And ultimately can you say you love your job!?
Absolutely! PICU/NICU nursing is my passion and there isn't a day that I don't love taking care of my kids. Not to say that there aren't days that it isn't hard, stressful, and heart-wrenching. But I can honestly say there isn't any other field of nursing that I'd rather be doing.
- Oct 15, '12 by shaykdoThank you for your responses!
- Oct 16, '12 by HazelLPNIts great that you have a background in hem/onc nursing as very few our our RNs could give IV chemo products. In fact, the only ones who could were former hem/onc nurses. You will be an excellent resource.
I retired three years ago after 54 years in nursing. I did med/surg, adult ICU, PICU and NICU and am still active as a volunteer assistant school nurse working with special needs high school students. PICU was my favorite place that I worked, hands down. If I would have had my career to do all over again, I would have been a PICU nurse from the start.
As far as procedures go, all of the above. If your PICU gets post op hearts, you also may have kiddos who's chests are still open and its not that uncommon for them to open them back up on the unit. If you take burns, then you have all that is involved with the burn care as well, although our burn nurses would always come down and help us with the dressing changes.
It was very painful for me to fully retire from PICU nursing. I had been semi retired for many years. Then my old broken down body just couldn't do it as well as it used to so I hung up my cap before people got a chance to say "she USED to be a good nurse, but now....."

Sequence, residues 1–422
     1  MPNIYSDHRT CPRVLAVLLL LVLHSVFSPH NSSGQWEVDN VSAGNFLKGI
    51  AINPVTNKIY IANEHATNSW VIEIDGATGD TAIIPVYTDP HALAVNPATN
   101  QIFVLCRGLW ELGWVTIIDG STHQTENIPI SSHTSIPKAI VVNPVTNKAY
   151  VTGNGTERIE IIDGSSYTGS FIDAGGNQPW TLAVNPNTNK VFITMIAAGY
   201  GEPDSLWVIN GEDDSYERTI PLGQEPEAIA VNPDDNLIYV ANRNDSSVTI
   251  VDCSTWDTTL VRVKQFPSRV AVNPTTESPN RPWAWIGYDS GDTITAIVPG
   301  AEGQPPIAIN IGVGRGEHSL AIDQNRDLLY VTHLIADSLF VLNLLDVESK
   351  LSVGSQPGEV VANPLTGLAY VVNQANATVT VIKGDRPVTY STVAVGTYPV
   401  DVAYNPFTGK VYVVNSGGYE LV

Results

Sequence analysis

If God gave me the body of a 40 year old again, I'd call up my nurse manager and get reoriented and start picking up contingent shifts again. Adult ICU and NICU were great, and I love the young people I work with now in school nursing, but I will always be a PICU nurse at heart.
Best wishes to you in your new career in Pediatric critical care...you'll do great!
- Oct 24, '12 by shaykdoThank you very much for your input. Thats amazing you have 54 years in nursing you could write a book with all your stories! I have so much respect for you. I want PICU to be something I fall in love with, I want to dive head first in all of it. I start end of next month, a lot of the nurses on the adult oncology floor aren't understanding why I'm leaving.
- Oct 30, '12 by Sloan RNMost common bedside procedures on my unit: intubation, extubation, central line placement, arterial line placement, chest tube insertion, EVD placement. That's just a short list of the most common ones I can think of...there are obviously less common things like emergent opening of abdomens and such, and things that might happen more often depending on whether your PICU and PCICU is split and which side you work on (i.e. chest explorations are way more common in the PCICU) and whether or not you work in an ECMO facility (in which case you could be helping with ECMO cannulations and decannulations).
In my unit, only the sickest or most long-term patients have CVLs. There's a big push to pull them ASAP due to infection risk, so the typical patient just has PIVs. Cardiac patients are different: they all have central access all over the place, at least where I work.
The assignment question is completely facility specific. It helps to have a charge nurse that's out of staffing and an extra help-all nurse that's also out of staffing; if your facility has those, it'll make a big difference. That and having proactive charge nurses/management who are good about splitting pairs that become too busy.
I definitely love my job. There is nothing more rewarding...my husband is jealous that I get to do something so meaningful!